Colorado medical and recreational cannabis sales reached a new high in April, totaling $117.4 million worth of flower, edibles and concentrates. This is the highest monthly total since recreational sales began in 2014.
Based on 2015 sales, an analytics company found that three of the most profitable days of the year for cannabis sales are during the four days leading up to, and including, 4/20.
Despite a snowstorm that forced rescheduling the annual 4/20 rally, cannabis enthusiasts didn’t let the unexpected weather put a damper on the holiday. Marijuana dispensaries sold almost $76.6 million in recreational cannabis, an 80 percent increase from $42.4 million in April 2015. Medical cannabis sales also saw an increase in sales by 22 percent, for a total of $40.8 million.
In addition, the demand for marijuana edibles and concentrates is higher than ever. Retail sales of concentrates in the state’s medical and recreational markets surged 125% in the first quarter of this year from the same period in 2015, according to BDS Analytics. Cannabis edibles sales rose to 53%.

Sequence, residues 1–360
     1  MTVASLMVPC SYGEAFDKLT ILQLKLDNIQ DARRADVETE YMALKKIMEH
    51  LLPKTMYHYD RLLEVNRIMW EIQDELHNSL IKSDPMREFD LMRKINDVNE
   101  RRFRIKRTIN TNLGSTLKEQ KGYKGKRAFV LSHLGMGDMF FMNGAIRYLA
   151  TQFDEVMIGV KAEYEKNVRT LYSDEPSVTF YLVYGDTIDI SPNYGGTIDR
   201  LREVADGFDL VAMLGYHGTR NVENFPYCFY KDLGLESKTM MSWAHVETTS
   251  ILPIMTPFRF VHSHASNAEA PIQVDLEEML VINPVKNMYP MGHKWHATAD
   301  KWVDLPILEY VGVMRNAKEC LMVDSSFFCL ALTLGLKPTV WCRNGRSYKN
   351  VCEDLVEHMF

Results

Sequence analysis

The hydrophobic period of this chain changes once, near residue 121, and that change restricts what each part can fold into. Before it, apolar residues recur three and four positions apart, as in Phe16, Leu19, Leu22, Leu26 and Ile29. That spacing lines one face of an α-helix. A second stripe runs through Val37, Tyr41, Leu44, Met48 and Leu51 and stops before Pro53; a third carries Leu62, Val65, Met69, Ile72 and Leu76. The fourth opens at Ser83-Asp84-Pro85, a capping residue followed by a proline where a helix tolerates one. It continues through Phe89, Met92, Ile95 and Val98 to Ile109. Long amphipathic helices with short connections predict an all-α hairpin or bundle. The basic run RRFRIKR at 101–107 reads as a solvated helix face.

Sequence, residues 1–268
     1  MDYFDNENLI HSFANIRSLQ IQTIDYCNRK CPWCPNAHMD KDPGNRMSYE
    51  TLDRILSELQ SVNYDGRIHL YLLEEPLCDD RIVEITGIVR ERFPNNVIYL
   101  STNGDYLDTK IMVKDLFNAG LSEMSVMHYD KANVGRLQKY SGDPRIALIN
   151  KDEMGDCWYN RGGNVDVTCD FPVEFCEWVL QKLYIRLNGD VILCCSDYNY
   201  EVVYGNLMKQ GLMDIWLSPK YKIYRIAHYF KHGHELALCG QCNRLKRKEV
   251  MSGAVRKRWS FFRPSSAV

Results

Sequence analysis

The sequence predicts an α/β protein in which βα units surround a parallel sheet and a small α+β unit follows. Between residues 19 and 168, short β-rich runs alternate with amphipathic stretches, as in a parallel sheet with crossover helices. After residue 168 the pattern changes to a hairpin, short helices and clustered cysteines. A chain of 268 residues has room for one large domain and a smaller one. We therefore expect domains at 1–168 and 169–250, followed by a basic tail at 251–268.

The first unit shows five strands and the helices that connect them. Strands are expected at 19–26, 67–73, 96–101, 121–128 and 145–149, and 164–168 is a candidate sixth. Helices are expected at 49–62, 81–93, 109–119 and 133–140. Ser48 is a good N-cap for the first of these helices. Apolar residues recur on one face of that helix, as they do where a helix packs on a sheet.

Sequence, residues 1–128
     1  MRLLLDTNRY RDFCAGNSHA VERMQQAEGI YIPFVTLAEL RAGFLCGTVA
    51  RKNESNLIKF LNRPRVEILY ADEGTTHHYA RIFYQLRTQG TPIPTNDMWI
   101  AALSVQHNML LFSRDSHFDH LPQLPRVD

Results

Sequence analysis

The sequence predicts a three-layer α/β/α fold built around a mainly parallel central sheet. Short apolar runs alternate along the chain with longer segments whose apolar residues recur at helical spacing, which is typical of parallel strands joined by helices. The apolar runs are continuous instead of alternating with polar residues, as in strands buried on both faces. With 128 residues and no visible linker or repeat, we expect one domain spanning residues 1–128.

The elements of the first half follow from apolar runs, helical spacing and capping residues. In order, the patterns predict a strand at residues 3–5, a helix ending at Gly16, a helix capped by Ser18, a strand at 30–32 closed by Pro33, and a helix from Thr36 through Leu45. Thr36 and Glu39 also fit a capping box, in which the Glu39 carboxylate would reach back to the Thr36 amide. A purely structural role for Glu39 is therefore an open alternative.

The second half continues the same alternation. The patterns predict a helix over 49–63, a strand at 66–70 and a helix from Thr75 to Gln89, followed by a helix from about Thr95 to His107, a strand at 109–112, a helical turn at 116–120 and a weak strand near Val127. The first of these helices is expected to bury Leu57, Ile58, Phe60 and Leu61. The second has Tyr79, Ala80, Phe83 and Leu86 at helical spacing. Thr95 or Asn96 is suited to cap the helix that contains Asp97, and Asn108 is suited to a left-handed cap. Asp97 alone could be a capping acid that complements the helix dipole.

The record sales also mean a huge boost to state tax revenue. Colorado has three taxes on sales of recreational marijuana: the standard 2.9 percent state sales tax, a special 10 percent sales tax and a 15 percent excise tax on wholesale transfers, which is earmarked for school construction projects. The more than $5.5 million collected in excise tax is a monthly record from when recreational sales began in January 2014, and brings the yearly total to $16.7 million.
Medical and recreational sales generated almost $57 million in taxes and fees during the first four months of 2016.